8 AM - 10 PM
Friday:
8 AM - 12 PM

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Daily Mass

Monday - Friday
12:00 PM & 5:30 PM

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Stations of the Cross

Fridays
6:15 PM in the Church

 
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Holy Week

Palm Sunday 4/10: regular Mass times
Holy Thursday 4/14: Mass of the Lord’s Supper: 7:15 pm
Good Friday 4/15: Service of the Passion of the Lord: 7:15 pm
Holy Saturday 4/16: Easter Vigil: 8:30 pm
Easter Sunday 4/17: Mass: 8 AM, 10 AM, 12 PM, 5:30 PM

No confession on Holy Thursday, Good Friday, or Holy Saturday.

Frequently Asked Questions

 

Why do we give something up?

While we are not required to “give something up” we are required to do something penitential. Lent is a great time to break a bad habit and give it to the Lord. These sins and vices we should not take back after Lent. It is also a time to give something up that is good during this season. This is why people give up something they enjoy. In doing so we can draw closer to God by our temporary sacrifice. We should find an appropriate balance of giving something up and not completely cutting ourselves off of good things. We will find our need for God if we do it correctly.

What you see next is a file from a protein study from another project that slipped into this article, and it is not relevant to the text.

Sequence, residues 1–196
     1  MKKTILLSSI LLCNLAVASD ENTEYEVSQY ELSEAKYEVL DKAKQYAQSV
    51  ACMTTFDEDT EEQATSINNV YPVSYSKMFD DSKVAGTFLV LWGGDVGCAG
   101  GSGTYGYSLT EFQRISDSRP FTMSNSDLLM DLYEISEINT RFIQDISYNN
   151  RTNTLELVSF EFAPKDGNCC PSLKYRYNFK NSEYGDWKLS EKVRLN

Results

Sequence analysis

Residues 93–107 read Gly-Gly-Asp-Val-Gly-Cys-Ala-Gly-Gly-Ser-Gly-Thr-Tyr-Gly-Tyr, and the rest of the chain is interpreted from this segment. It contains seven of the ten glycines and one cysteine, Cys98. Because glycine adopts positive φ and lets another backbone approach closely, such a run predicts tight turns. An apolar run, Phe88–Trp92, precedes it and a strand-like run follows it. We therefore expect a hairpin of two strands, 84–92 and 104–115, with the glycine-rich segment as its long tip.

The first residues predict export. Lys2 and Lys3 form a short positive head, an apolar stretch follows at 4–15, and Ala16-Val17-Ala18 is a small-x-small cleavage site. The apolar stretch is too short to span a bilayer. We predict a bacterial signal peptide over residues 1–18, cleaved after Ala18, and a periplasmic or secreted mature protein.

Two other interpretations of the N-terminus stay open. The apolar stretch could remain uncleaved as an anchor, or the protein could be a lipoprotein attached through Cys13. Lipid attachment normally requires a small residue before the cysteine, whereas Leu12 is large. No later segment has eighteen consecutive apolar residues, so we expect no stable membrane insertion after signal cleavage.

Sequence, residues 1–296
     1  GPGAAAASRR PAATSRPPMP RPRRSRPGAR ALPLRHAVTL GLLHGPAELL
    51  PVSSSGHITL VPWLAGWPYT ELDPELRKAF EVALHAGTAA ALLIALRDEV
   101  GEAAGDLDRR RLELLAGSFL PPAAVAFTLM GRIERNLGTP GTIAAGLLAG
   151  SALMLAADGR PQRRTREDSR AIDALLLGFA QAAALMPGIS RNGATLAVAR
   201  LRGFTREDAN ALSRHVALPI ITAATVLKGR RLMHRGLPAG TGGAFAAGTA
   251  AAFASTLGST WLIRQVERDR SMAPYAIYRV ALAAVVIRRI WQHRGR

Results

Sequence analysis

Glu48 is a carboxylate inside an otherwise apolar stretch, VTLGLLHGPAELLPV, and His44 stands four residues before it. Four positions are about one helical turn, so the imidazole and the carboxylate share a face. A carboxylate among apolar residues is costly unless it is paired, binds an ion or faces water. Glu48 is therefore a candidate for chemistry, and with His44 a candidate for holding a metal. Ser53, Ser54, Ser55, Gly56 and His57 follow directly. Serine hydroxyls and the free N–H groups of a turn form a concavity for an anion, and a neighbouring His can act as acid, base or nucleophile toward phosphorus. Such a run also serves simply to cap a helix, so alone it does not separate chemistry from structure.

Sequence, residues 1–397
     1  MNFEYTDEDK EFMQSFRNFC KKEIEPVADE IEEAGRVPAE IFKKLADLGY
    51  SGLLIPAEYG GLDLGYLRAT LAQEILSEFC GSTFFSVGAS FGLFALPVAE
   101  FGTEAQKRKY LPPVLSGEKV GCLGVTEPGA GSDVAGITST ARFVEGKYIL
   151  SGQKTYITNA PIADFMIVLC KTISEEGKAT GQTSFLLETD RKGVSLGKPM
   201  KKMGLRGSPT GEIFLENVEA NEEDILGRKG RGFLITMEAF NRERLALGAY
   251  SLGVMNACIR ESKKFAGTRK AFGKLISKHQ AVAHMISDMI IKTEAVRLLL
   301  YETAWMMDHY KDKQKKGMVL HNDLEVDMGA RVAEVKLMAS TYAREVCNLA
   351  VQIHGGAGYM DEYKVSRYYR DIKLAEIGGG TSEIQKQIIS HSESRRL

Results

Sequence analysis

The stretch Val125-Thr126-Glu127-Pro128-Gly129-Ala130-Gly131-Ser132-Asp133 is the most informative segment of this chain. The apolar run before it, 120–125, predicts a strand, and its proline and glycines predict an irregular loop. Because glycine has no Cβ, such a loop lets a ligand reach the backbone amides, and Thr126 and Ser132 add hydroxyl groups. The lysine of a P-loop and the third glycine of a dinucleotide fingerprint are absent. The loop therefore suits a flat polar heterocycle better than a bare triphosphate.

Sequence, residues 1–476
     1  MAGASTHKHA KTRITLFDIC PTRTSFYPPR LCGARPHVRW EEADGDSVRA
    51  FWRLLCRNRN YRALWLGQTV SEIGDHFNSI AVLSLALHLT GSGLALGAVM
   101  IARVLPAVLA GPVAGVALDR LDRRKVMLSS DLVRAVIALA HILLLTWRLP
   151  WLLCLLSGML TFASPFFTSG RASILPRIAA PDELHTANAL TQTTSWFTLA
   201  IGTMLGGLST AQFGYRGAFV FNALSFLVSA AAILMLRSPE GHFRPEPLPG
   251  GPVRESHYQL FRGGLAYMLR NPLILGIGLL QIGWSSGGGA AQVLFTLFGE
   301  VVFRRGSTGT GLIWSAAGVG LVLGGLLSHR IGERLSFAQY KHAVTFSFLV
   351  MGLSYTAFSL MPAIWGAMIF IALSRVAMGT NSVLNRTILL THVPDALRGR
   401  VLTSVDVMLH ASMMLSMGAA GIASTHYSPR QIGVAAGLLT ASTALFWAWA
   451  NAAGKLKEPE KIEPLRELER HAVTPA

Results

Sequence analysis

Why fast?

Again, this is because we are called to by Jesus. By denying ourselves something good, we remember what the highest good of all is – GOD. We also practice self-discipline and self-mastery, which we need in order to achieve holiness. Jesus fasted in the desert and calls us to as well.

  • “When you fast, do not look somber as the hypocrites do, for they disfigure their faces to show men they are fasting. I tell you the truth, they have received their reward in full.” (Matt 6: 16)

  • “and then as a widow until she was eighty-four. She never left the temple, but worshiped night and day with fasting and prayer.” (Luke 2:37)

  • Fasting also helps focus us in our prayer. *Yet when they were ill, I…humbled myself with fasting.” (Psalm 35:13)

Why do we abstain from meat?